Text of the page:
The Dutch finance minister underlined that the euro area should concentrate on completing work, which is already on the table, rather than “dreaming away about a European finance minister”, which are the likes of ideas being pushed by pro-federalist inclined circles in the EU. And the work on the table at the moment is the five presidents’ report, which envisages a two-stage development. The first stage is working on implementing all legal norms, which have already been adopted, and the second one provides for a more intensive work on economic convergence between members of the currency club. Institution construction, provisioned in this newer version of the project, is much more modest than its predecessor and the standalone version, presented by former EC boss José Manuel Barroso (Portugal, EPP).
Last autumn, under the Council presidency of Luxembourg, intensive work was done on the future of the euro area, but the Dutch presidency is much more passive and cautious in this sense. Right from the start of the presidency, Dutch Prime Minister Mark Rutte announced that no new visions and ideas are to be expected during the six Dutch months at the lead of the Council of the EU. Jeroen Dijsselbloem spoke to European media in the same spirit. He believes one of the reasons why Europe became vulnerable is the fact that over the last decade many steps were made towards enlargement and deepening of the Union, but the job never got done. “We took away internal borders, which is a good idea, but we failed to secure the outside border. We start projects but never really seem to finish them”.
The problem at this stage is not that there is no appetite for deepening the integration in the euro area and that cautiousness about the future surrounds the British referendum, but that there is a refusal to act on even the (provisionally) first stage of the five presidents’ report. Instead of working on implementing the agreed rules, there is more and more talk of rewriting them, and with its country-specific recommendations this year the EC made the tendency of recent years of circumventing rules or not implementing them at all for political reasons into a tradition. This got sharply criticised by Mr Dijsselbloem, who stated that this approach could undermine the attempts at deepening the monetary union. “If the commission is only strict with smaller countries and unable to be strict on larger countries, that would be devastating for the confidence we have in our cooperation”, states the Eurogroup boss in his interview of last week.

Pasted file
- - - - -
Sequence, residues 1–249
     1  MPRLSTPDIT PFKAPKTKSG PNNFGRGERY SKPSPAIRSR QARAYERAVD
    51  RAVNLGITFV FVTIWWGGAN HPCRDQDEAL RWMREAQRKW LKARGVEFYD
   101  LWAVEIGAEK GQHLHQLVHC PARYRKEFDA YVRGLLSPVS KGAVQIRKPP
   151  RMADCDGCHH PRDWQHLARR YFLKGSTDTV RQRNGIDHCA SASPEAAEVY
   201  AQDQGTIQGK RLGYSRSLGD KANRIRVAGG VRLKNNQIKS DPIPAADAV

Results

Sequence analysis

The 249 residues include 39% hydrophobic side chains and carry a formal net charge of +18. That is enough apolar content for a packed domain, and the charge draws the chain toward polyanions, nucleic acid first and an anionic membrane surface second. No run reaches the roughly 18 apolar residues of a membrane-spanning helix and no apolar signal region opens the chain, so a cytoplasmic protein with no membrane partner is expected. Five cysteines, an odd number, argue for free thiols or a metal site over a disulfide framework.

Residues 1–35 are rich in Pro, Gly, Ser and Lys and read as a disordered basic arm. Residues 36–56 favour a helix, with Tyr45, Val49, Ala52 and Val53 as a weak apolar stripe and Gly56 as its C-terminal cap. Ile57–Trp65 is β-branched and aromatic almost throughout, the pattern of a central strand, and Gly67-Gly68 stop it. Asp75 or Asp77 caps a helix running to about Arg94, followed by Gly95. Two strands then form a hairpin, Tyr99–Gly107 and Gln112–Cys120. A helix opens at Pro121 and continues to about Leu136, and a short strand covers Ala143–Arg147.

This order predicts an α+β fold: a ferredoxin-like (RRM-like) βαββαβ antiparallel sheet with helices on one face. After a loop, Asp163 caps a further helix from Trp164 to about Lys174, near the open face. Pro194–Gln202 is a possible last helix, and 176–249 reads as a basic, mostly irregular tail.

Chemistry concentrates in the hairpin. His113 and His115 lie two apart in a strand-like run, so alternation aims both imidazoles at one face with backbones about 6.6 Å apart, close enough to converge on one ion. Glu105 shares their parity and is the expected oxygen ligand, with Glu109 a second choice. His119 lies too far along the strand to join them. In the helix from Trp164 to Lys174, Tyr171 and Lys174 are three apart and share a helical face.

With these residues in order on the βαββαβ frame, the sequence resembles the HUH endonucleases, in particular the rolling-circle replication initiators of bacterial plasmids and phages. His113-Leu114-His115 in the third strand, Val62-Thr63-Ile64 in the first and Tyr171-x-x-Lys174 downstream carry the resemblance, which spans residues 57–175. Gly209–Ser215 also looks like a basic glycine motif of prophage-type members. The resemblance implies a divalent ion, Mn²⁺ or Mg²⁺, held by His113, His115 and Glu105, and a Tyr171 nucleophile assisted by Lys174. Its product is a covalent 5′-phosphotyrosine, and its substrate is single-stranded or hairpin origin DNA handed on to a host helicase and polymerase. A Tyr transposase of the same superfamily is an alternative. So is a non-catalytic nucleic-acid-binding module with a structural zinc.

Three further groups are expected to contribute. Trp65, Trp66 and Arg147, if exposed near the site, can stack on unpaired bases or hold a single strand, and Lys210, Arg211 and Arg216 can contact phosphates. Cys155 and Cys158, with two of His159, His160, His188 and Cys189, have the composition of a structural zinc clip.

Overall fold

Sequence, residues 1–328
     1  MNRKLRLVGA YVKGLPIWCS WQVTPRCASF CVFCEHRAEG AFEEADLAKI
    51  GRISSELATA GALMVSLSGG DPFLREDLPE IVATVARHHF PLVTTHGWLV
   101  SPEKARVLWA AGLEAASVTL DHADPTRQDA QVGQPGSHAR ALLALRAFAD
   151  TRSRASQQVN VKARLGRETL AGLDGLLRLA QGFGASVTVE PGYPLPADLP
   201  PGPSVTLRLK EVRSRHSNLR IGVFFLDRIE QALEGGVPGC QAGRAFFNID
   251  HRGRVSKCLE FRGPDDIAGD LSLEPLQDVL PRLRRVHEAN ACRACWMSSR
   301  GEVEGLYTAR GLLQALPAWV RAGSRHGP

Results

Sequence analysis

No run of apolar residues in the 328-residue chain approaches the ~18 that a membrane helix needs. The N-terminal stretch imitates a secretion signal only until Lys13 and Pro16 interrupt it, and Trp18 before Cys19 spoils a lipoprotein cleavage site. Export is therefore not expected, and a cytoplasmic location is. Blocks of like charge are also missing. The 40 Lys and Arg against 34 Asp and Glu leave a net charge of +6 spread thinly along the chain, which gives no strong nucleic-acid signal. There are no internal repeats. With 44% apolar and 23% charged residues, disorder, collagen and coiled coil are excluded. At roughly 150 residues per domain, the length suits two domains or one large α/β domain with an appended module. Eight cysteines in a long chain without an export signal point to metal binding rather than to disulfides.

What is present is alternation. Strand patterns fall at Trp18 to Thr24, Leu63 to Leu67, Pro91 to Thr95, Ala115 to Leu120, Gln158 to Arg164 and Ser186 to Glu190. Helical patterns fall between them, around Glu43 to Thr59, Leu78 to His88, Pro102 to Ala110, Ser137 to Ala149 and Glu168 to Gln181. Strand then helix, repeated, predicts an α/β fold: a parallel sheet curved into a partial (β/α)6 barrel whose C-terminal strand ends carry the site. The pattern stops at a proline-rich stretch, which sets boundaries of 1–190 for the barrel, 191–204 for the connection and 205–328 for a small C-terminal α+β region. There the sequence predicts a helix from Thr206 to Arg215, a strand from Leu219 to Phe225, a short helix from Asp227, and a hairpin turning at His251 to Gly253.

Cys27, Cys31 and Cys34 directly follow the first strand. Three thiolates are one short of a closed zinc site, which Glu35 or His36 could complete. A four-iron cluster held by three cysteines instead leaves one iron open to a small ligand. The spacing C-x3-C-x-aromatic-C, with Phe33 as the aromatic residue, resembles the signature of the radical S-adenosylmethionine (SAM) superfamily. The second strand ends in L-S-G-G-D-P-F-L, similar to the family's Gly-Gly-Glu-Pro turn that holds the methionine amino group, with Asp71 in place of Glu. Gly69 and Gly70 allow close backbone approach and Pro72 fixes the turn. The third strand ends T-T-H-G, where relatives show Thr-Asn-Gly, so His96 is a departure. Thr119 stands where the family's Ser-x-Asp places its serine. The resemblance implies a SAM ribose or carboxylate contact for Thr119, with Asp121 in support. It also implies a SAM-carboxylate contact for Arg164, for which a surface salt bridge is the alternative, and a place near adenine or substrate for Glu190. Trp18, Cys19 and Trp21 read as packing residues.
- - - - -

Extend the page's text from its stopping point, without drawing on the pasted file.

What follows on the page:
“You have to be a little careful if it is in your advantage that the Commission turns a blind eye … In the end, if we turn a blind eye everywhere, we make a blind monetary union”, he added. It is the first time Dijsselbloem talks about the EC decisions on the European semester this year. He refused to do so at the previous Eurogroup meeting. This year’s country-specific recommendations will be the subject of the meeting of finance ministers of the EU on June 17. It will become clear then how many of the ministers share the opinion of Jeroen Dijsselbloem, who is known as a conductor of the austerian school of thought. The subject of what to do after the British referendum will be one of the main issues on the agenda of the June EU summit on June 28 and 29.
Translated by Stanimir Stoev